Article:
Stern Derbyshire headmistresses and purse-lipped Newport traffic wardens will risk pounds 5 on Fiddling the Facts, Nicky Henderson's much-fancied 10- 1 mare. Tearful sentimentalists will back Nahthen Lad, hoping to see Jenny Pitman, the retiring Queen of Aintree, in the winners' enclosure for the last time.
But what about the gamblers who do it all the time? What is it like to spend your life in this hinterland of dodgy luck and flawed systems?
From Coker in the Billy Bunter stories to the late Jeffrey Bernard, racing men have always been a byword for rackety living.
The former sport of kings turned long ago into the beguilement of scoundrels. Damon Runyon's crap-shooters and Broadway tipsters spent their lives mentally converting life into "a possible twelve-to-seven"; they knew the value of nothing, and the starting-price of everything.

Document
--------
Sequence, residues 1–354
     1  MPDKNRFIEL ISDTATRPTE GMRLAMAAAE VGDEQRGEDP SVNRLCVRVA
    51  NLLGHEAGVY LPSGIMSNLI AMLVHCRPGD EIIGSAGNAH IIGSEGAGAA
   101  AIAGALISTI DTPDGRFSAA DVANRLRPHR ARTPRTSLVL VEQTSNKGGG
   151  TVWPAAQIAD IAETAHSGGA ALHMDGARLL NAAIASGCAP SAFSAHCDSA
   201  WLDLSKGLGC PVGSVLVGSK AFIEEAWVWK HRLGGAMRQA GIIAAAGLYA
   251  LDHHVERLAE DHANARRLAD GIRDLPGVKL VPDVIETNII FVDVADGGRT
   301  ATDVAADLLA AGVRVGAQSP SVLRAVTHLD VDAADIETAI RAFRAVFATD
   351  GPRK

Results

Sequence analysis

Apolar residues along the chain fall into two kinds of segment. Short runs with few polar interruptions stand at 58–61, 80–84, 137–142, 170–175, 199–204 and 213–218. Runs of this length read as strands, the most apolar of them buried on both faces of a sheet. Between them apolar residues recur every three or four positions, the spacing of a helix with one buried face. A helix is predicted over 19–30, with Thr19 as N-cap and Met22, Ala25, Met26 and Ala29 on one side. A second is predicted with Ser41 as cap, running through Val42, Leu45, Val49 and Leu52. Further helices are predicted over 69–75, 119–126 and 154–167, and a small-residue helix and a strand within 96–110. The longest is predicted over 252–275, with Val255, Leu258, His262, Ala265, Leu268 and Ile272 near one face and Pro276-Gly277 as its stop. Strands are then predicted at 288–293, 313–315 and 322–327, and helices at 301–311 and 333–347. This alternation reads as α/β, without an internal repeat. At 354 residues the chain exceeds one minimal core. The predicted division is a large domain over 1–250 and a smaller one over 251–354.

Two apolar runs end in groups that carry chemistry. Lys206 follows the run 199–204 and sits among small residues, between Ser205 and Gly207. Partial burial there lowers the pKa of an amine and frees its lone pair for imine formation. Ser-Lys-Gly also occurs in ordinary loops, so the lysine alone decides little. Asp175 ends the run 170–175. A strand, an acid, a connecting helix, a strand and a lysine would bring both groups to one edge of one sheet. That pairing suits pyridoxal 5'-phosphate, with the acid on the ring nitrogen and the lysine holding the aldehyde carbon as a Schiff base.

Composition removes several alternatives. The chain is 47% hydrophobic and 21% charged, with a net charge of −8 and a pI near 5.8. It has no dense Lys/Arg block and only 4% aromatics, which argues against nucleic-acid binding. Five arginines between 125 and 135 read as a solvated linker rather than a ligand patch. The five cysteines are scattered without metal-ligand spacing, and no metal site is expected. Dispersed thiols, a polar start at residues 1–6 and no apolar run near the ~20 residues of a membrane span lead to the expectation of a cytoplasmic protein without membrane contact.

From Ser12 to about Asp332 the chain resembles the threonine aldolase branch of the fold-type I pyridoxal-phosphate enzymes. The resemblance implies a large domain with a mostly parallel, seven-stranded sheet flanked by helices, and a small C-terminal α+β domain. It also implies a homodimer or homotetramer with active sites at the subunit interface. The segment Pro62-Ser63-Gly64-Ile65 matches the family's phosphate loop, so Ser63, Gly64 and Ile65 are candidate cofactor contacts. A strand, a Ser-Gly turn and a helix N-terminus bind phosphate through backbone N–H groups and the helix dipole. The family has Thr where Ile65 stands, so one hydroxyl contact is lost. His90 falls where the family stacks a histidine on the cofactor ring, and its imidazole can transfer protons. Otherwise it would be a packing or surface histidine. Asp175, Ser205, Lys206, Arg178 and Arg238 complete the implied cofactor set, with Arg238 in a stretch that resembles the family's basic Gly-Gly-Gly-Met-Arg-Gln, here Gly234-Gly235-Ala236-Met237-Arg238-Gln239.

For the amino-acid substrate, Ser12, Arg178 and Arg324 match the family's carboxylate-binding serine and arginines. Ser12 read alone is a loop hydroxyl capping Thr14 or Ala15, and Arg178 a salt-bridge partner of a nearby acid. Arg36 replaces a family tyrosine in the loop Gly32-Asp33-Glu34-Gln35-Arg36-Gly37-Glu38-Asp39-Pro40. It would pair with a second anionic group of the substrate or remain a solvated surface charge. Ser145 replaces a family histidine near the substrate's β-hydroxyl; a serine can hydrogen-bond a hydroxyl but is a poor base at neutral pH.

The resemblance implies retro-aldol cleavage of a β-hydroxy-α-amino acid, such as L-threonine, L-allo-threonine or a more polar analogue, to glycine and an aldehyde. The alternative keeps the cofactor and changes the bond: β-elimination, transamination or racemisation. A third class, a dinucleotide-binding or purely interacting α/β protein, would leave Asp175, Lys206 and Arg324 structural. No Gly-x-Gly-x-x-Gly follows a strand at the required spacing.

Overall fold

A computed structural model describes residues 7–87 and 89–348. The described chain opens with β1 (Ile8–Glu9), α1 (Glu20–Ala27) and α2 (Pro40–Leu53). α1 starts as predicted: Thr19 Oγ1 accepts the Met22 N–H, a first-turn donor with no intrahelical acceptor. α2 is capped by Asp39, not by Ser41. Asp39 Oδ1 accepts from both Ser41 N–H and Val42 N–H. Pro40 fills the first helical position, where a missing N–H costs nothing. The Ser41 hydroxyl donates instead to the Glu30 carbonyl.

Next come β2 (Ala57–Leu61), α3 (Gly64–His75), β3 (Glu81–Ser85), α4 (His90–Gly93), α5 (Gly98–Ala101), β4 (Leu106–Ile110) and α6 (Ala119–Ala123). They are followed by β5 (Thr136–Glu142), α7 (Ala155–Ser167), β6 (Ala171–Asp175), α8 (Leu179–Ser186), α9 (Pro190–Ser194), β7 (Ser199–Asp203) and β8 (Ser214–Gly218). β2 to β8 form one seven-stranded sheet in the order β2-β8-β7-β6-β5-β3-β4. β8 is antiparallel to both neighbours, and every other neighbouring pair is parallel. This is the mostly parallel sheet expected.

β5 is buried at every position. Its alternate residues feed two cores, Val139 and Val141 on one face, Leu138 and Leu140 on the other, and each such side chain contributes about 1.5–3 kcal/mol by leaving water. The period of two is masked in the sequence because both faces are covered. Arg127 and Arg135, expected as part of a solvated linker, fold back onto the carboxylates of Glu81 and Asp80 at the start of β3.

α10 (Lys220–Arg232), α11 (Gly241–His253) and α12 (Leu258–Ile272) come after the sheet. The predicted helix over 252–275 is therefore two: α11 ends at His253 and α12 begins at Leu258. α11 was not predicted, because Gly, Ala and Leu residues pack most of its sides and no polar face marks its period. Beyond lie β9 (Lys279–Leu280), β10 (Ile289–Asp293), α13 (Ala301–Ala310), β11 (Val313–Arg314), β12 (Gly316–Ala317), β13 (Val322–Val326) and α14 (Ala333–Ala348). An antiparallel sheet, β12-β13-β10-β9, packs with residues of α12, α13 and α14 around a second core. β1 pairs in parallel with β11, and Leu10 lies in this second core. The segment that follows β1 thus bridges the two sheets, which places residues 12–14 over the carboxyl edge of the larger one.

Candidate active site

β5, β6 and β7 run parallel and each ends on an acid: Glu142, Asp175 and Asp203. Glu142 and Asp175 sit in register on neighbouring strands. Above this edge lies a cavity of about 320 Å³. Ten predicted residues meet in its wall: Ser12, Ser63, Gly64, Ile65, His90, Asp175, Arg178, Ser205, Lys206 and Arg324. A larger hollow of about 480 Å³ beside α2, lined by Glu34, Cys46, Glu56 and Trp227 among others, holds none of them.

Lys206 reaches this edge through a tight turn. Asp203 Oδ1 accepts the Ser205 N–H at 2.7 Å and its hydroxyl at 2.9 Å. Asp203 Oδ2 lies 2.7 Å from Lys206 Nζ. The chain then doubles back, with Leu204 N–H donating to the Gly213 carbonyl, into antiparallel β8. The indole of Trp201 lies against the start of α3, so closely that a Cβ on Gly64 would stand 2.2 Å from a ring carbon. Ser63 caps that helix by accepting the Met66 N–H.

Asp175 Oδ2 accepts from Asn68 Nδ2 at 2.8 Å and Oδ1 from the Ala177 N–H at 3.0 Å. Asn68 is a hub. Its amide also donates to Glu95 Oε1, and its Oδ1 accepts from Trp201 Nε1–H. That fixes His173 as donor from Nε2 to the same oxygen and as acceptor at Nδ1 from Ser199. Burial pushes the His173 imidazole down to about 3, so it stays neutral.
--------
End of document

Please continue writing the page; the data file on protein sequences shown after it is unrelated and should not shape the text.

I grew up understanding that bookmakers were weasel-faced criminals in flat caps, or florid Edwardian mashers in yellow Tattersall checks, who licked their thumbs while counting off betting slips. Fly or flamboyant, they were a lot of bad eggs.
And their premises were nasty. When off-course betting shops were licensed in 1961, absurd stipulations were made: their windows must be darkened or obscured so that nobody could see in, no publicity "enticements" were allowed, people were supposed just to place their bets and leave. But this place is trim and modern, colour co-ordinated in red, blue and grey.
Through the windows, modern passers-by can scrutinise a scene as inoffensive as a creche. Four metal desks with chrome double-pews give the seated gamblers the look of a rowdy class in a remedial school. There are dispensers of hot coffee and cold Lilt. But all the attention in the room is focused on the thirteen television monitors. (Thirteen televisions? Are they asking for trouble?)